I had started using oil paints as a teenager, but quickly switched to acrylics as soon as they became readily available. Oil paint and the mediums for thinning-usually turpentine at that time-gave me a headache. In my later years, when I had a bit more time on my hands, I simply drew using pencils-all black and white. The subjects were mostly animals such as sheep, llamas, dogs and goats as we lived on a farm in Alberta with a varied selection of these animals. At that time, I didn't sell my drawings, but gave them away to friends and acquaintances.
After we moved to Ontario at our present location-a seventy-five acre property - I decided to educate myself more about art, and watercolors in particular. As the saying goes, "you don't know how much you don't know" until you start to learn more. I took what I thought was a beginner class in watercolor painting with Marilyn Coulter through Loyalist College. It turned out to be an intermediate to advanced class, but I never let on that I had never done watercolors in my life before, and I managed to keep up somehow. Other local artists who took Marilyn's classes are Dona Bonin, Rita Brookes, Ethel Bewes and Kathryn Fellowes. Marilyn Coulter herself was famous for her fresh and colourful impressionistic style of painting., and I have tried to keep this style going in my own paintings.
Due to an accidental meeting with Roslin artist, Roberta Fisk, now deceased, I was encouraged to join a local group, the Roslin Art Group, which is still in operation, originally held in the Plainfield community hall. Although I had protested that I only did black and white drawings or watercolours, Roberta, being quite a forceful personality, insisted that I do acrylic or oil painting like the rest of the group. The sessions were once a week and were quite social occasions as we always stopped half way through for a chat with tea and assorted goodies. There was, and still is, an annual art show of member's work. A year or two later, I joined the Belleville Art Association where I performed just about every job on the executive, including becoming president for a while. I helped establish the BAA gallery on Front Street in Belleville which gave members a chance to show their work in a display that changed every month.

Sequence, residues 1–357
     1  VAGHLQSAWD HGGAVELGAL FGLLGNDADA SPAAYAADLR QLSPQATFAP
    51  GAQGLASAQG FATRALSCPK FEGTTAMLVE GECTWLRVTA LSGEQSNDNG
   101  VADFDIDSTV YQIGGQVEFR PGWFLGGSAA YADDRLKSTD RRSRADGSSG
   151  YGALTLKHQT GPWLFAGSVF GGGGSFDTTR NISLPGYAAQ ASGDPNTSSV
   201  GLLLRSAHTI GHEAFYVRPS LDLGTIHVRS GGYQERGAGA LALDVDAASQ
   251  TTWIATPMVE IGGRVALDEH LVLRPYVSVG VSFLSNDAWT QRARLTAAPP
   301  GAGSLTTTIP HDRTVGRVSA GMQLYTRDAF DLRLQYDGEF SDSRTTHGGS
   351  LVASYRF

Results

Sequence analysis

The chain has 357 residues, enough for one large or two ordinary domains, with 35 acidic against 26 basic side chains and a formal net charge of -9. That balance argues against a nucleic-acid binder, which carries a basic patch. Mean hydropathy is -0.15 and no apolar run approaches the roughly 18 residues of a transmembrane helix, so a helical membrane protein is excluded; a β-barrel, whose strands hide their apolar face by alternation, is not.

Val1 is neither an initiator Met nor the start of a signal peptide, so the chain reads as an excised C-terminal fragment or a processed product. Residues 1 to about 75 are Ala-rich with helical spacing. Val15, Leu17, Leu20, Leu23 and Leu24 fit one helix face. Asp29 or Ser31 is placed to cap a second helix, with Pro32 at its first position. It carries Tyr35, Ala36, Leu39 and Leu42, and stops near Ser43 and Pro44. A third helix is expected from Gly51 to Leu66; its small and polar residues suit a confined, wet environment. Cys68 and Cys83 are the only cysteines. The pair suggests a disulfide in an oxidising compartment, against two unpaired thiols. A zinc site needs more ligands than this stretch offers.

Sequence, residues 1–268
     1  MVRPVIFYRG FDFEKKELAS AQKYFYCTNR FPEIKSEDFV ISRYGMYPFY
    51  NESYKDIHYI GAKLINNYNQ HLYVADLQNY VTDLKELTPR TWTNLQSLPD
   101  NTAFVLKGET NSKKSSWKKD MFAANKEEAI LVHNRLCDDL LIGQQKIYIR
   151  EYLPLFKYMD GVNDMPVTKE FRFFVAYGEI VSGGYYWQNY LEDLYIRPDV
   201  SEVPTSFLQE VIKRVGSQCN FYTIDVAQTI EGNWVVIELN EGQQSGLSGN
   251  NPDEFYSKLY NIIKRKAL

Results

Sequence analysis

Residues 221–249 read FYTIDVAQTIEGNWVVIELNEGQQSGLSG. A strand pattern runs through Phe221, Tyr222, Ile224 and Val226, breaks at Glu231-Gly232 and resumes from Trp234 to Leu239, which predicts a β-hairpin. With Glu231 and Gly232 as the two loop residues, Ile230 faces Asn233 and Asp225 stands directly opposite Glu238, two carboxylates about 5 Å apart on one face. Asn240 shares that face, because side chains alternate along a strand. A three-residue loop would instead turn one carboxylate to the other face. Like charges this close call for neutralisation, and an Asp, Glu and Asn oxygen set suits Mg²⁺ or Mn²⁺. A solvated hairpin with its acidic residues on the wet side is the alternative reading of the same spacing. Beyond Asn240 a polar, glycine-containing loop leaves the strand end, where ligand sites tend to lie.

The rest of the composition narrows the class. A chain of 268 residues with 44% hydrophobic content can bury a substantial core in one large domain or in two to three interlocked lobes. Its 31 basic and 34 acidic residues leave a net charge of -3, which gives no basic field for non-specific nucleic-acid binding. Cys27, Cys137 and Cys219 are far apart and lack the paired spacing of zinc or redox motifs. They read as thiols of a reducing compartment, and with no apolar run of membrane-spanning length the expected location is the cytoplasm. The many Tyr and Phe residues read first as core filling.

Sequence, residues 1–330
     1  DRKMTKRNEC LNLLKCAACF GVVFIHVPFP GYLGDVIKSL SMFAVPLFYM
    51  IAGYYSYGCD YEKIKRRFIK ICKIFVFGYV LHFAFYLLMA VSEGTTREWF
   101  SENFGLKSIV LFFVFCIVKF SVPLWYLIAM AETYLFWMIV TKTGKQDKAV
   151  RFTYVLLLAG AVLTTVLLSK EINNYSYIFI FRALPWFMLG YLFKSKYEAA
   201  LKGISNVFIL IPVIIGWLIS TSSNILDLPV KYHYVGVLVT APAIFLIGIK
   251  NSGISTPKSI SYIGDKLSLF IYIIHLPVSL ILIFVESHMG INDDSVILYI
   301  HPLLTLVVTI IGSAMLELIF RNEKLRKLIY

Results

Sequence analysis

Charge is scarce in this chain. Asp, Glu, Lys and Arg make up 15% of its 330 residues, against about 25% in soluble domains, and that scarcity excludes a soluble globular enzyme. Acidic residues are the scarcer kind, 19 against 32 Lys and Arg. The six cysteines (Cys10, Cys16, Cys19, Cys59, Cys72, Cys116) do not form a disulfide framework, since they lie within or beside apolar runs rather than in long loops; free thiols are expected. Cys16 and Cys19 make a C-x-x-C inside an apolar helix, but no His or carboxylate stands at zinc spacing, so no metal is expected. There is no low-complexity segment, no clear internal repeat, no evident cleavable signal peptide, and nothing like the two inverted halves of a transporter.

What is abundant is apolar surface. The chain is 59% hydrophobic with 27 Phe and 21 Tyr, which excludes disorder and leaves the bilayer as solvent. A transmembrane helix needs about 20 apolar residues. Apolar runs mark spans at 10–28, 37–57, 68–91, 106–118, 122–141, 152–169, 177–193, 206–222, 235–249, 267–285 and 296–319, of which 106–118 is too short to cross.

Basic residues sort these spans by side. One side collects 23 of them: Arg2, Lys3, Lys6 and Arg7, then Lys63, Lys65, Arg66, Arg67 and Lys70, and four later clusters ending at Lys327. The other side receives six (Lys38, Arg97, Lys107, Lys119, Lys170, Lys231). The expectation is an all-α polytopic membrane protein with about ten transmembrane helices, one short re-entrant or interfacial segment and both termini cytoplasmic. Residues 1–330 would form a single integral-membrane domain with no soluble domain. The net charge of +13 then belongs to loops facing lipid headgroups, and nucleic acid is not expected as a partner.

I met the Prince Edward county fibre artist, Marion Casson at the Belleville Art Association and she invited me to join her felting classes. As I had lots of llama and sheep fibre on hand, I thought this would be a great idea. I had previously done some natural dying and spinning while we still lived in Alberta, and had also attended a workshop in needle felting. Needle felting at that time was generally only used to decorate a vest or hat with some small flowers or a simply template pattern. I decided to combine the wet felting technique that Marion had taught me with needle felting, to add to a more complicated "painting" of a still life or a landscape. The finished art work was then framed under glass with a mat. Some people do not like framing felt, but I think that it is more practical and keeps cleaner that way, plus it is easier to hang on a wall. Quinn's gallery in Tweed had some of my work.
For several years, I participated in the Tweed and area Studio Tour and Tweed Art in the Park, as well as various juried art shows. I have won several awards for my fibre art and acrylics. It should be noted that Hastings County has a huge number of talented artists- more than in most other places in Canada- and so the competition is intense. The scenery in this county is also inspiring for artists, especially "plein air -outdoor- artists" due to beautiful rolling hills, big maple trees which are wonderful in the fall, and lots of winding rivers with plenty of waterfalls and white water. All I have to do for inspiration is to look out of almost any window in my Victorian farm house. I can paint the same scene summer or winter, fall or spring and even at different time of day, it will become an entirely different painting.